For example, Chemistry is not a part of the third grade curriculum but when Donnie Boone received a Chemistry set for his birthday, he became our chemistry teacher.  Each Wednesday, after lunch, he set up a table in front of the classroom, lit a candle (who knows why, but he wanted to so I allowed it).  The very first experiment he taught was called “turning water into wine.”  It involved putting a drop of phenelthaline into a glass of clear liquid.  The liquid turned a wine-colored red instantly, amazing the class.


Betty Cohen taught the class how to add long columns of numbers by breaking the column into several smaller columns—easily done with fewer errors.  At other times, I would privately instruct a student who, in turn, would teach the class according to the lesson I had taught to this one student.


This process of students teaching students was duplicated dozens of times over the school year.  Multiple desk arrangements enhanced relationship building.  We had moveable desks (unusual in those days) and I would have groups of 2, 3, or 4 desks joined together.  The members of each group could answer questions for each other.  When test time came, the groups stayed together and students could help others taking the test AND, all members of a group would each receive the same grade on the exam as that which the highest student achieved.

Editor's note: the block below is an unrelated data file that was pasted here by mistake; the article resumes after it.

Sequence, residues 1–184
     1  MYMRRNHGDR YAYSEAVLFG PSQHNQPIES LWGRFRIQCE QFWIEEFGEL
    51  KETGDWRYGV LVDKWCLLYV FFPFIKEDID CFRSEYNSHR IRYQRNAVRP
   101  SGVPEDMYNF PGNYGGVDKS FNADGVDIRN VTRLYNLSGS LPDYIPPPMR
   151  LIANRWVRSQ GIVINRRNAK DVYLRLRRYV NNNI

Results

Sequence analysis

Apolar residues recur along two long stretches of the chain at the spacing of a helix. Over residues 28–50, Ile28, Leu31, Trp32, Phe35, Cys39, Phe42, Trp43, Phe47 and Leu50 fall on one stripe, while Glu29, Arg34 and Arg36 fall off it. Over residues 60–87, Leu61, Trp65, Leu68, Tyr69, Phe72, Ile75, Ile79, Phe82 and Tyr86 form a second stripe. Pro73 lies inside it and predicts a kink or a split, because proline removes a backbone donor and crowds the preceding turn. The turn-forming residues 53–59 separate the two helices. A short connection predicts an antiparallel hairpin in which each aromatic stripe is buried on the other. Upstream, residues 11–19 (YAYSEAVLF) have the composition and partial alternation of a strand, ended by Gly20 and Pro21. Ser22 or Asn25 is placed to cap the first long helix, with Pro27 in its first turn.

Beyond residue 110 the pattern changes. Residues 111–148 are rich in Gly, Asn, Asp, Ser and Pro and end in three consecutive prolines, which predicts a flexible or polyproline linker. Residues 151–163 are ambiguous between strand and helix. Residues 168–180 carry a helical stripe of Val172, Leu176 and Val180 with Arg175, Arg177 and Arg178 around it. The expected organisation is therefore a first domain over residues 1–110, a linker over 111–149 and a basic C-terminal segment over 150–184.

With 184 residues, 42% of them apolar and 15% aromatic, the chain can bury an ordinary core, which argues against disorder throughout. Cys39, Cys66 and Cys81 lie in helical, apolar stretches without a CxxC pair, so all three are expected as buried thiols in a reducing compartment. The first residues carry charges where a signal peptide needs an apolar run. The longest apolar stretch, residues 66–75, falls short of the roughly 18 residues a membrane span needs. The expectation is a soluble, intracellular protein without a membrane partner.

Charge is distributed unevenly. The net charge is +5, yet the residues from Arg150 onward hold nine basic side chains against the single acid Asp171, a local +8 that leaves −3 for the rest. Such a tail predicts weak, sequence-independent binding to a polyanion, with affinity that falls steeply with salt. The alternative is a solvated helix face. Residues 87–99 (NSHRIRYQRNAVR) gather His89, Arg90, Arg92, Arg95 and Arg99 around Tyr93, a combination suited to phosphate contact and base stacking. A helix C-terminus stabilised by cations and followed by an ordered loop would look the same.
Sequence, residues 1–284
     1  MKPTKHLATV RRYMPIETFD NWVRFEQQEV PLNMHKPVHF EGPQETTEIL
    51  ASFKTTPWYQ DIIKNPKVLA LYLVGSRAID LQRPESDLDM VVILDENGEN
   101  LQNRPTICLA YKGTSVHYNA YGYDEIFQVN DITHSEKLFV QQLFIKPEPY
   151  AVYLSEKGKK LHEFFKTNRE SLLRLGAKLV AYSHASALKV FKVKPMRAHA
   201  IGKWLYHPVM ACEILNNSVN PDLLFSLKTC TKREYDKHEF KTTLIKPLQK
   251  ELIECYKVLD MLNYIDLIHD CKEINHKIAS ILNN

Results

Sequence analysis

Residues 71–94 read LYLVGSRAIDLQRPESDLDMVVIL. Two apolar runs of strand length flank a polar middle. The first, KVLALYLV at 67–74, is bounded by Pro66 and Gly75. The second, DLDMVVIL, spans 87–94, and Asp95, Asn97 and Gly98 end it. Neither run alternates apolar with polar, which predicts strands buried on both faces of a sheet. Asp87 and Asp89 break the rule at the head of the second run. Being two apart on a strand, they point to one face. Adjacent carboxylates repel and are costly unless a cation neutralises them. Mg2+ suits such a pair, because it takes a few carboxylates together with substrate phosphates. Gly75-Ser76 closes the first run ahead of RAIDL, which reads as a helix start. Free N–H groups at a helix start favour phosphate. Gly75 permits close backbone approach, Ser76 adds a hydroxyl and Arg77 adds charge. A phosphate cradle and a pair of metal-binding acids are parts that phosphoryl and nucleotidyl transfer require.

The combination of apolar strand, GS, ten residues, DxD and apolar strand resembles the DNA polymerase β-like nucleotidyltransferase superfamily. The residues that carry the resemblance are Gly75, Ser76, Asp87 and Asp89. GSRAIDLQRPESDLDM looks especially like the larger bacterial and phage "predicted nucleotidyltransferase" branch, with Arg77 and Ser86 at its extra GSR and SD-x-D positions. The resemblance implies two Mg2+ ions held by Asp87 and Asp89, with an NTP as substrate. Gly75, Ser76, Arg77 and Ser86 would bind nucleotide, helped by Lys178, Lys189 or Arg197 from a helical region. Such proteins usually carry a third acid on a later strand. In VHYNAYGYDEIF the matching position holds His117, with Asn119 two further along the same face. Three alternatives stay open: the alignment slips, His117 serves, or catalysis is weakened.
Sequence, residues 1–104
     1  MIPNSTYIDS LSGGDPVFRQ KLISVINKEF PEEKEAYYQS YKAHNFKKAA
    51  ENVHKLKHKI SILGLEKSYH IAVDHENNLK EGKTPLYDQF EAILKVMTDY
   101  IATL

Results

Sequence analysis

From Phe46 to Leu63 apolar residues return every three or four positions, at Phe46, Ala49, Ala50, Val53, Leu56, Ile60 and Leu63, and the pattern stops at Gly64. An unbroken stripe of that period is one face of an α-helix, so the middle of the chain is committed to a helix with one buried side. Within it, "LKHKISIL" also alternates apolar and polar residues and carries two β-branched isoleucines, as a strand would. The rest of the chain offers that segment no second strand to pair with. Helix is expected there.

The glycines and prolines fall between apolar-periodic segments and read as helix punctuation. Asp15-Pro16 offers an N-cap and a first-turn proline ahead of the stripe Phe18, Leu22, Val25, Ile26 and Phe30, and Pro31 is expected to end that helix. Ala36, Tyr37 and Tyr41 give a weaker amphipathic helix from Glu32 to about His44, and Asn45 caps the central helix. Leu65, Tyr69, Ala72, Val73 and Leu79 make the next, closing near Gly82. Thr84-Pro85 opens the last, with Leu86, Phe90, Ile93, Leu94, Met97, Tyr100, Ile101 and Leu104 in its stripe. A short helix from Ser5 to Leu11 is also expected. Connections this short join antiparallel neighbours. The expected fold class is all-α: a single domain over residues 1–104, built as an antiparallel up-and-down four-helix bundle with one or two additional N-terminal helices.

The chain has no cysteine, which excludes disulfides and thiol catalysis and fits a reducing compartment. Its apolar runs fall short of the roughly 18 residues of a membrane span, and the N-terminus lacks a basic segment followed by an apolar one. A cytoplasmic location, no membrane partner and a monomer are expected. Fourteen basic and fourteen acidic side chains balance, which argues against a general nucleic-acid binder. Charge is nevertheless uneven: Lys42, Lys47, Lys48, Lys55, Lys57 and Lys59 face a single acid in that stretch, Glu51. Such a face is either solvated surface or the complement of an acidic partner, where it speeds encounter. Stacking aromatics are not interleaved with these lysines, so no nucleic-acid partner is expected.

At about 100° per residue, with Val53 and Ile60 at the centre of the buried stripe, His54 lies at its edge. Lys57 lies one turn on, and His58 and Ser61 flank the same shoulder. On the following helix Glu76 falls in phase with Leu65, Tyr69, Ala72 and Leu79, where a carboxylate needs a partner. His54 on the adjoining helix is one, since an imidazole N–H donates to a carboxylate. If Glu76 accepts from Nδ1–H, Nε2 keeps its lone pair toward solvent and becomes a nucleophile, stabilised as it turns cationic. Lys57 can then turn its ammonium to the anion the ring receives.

There was talking in our classroom all day long.  The students listened attentively when one of them was teaching something, including when I taught them.  Yet they were quiet (on their own without me directing them) during certain periods such as during our reading sessions.  Our classroom was one of a positive flow of life where every one of us felt included and knew that we belonged.


On several occasions parents would report that they had trouble keeping their child at home when he/she was ill.  They wanted to go to school and the parent wondered what they could do about that.  The students in my class even insisted on coming to school on Saturdays.  They would come in the afternoon “to clean up our classroom.”  The custodian would have left the room clean on Friday and by late Saturday afternoon, the room was in worse condition than it had been the day before.  They had a feeling of ownership and were deeply engaged.  They wanted to be with each other and they wanted  to be at school.